Building a Diversified Portfolio with Private Equity

To determine whether private equity investments add value to a diversified portfolio, we maximize portfolio value over five asset classes: large-capitalization stocks, small-capitalization stocks, investment-grade bonds, cash, and private equity. For large-cap stocks we use the S&P 500 total return index, for small-cap stocks we use the NASDAQ total return index, for long-term bonds we use the Salomon Smith Barney Broad Investment Grade (BIG) Bond Index, and for cash we use the 3-month U.S. Treasury bill rate.

We use the term "private equity" generally to describe the four forms of private investing we have previously discussed: venture capital, leveraged buyouts, mezzanine financing, and distressed debt investing. We obtain information on the historical returns for these four sources of private equity from Venture Economics and Hedge Fund Research Inc.11

8 See Gompers and Lerner, "The Challenge of Performance Assessment."

9 See Gompers and Lerner, "Money Chasing Deals?"

10 See Gompers, "Grandstanding in the Venture Capital Industry."

11 Venture Economics is a Thomson Financial company. It offers information on the private equity industry, including conferences, market statistics, journals, and databases. It has been in business since 1961. Hedge Fund Research Inc. is a database that contains information on many different types of investment styles for hedge funds. Unfortunately, it is not possible to measure the diversification potential of every individual private equity fund on a stock and bond portfolio. Therefore, we use an index of returns for each of the four private equity categories to determine the impact on expected utility

3Mo T-Bill

SBBIG

Nasdaq

S&P 500

Venture Capital

Buyouts

Mezzanine

Distressed

3Mo T-Bill

1.000

0.232

-0.148

-0.052

-0.094

-0.282

-0.243

-0.163

SBBIG

0.232

1.000

-0.026

0.158

-0.228

-0.180

-0.003

-0.098

Nasdaq

-0.148

-0.026

1.000

0.841

0.681

0.408

-0.090

0.504

S&P 500

-0.052

0.158

0.841

1.000

0.427

0.352

0.047

0.499

Venture Capital

-0.094

-0.228

0.681

0.427

1.000

0.384

-0.129

0.243

Buyouts

-0.282

-0.180

0.408

0.352

0.384

1.000

0.114

0.380

Mezzanine

-0.243

-0.003

-0.090

0.047

-0.129

0.114

1.000

0.106

Distressed

-0.163

-0.098

0.504

0.499

0.243

0.380

0.106

1.000

There are several caveats associated with an index of private equity returns. First, private equity managers tend to use conservative assumptions in the computation of their returns. As a result, private equity values tend to lag the rest of the financial markets because fund managers usually wait until there is a realizable event associated with a private equity investment that provides a measure of market value. This event could be an initial public offering, a second round of

financing, or a third-party follow-on investment.12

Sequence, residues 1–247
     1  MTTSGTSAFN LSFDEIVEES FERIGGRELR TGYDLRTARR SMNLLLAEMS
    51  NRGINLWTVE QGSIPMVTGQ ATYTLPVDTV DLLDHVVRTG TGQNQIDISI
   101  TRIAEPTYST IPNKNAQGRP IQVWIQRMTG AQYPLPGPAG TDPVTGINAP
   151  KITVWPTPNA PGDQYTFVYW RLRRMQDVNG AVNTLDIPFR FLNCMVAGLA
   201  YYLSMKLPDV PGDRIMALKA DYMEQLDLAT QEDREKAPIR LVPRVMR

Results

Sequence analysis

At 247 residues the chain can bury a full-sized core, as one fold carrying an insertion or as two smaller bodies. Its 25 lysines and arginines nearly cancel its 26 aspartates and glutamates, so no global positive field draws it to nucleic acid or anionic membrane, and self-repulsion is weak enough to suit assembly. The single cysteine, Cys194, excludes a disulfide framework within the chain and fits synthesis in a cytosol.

Second, private equity managers tend to report the net asset value of their funds on a quarterly basis. Monthly return data are rare. Quarterly reporting can mask month-to-month fluctuations in value.

Last, there is usually some source of bias associated with a database. In Chapter 7 we described the data biases associated with hedge fund data. The same biases apply with respect to private equity databases.

In Exhibits 5 through 9, the Sharpe ratios for the four categories of private equity are higher than those for the S&P 500. On a stand-alone basis, it would appear that private equity funds are a superior investment choice. However, private equity should not be considered in isolation because this ignores its diversification potential with respect to other asset classes.

The diversification potential of private equity is demonstrated in Exhibit 10, which presents a correlation matrix of the quarterly returns of the four classes of

private equity compared to the traditional stock and bond asset classes.13 For instance, the returns to all four classes of private equity are negatively correlated with investment-grade bonds and U.S. Treasury bills, and have low correlation with the returns to large-cap and small-cap stocks. In conclusion, the less than perfect correlation (and, in some cases, negative correlation) of private equity returns with the returns to stocks, bonds, and cash indicate excellent diversification potential.

12 We also note that private equity indices are not fully investable due to issues of capacity, minimum net worth requirements imposed by the private equity managers, and regulatory restrictions as to the number of investors that may invest in a private investment vehicle.

13 In Exhibit 10 we use quarterly data from 1990-2000 to ensure consistency of the data, and we convert the monthly returns for distressed debt into quarterly returns to be comparable with those for the other classes of private equity.

Lessons From The Intelligent Investor

Lessons From The Intelligent Investor

If you're like a lot of people watching the recession unfold, you have likely started to look at your finances under a microscope. Perhaps you have started saving the annual savings rate by people has started to recover a bit.

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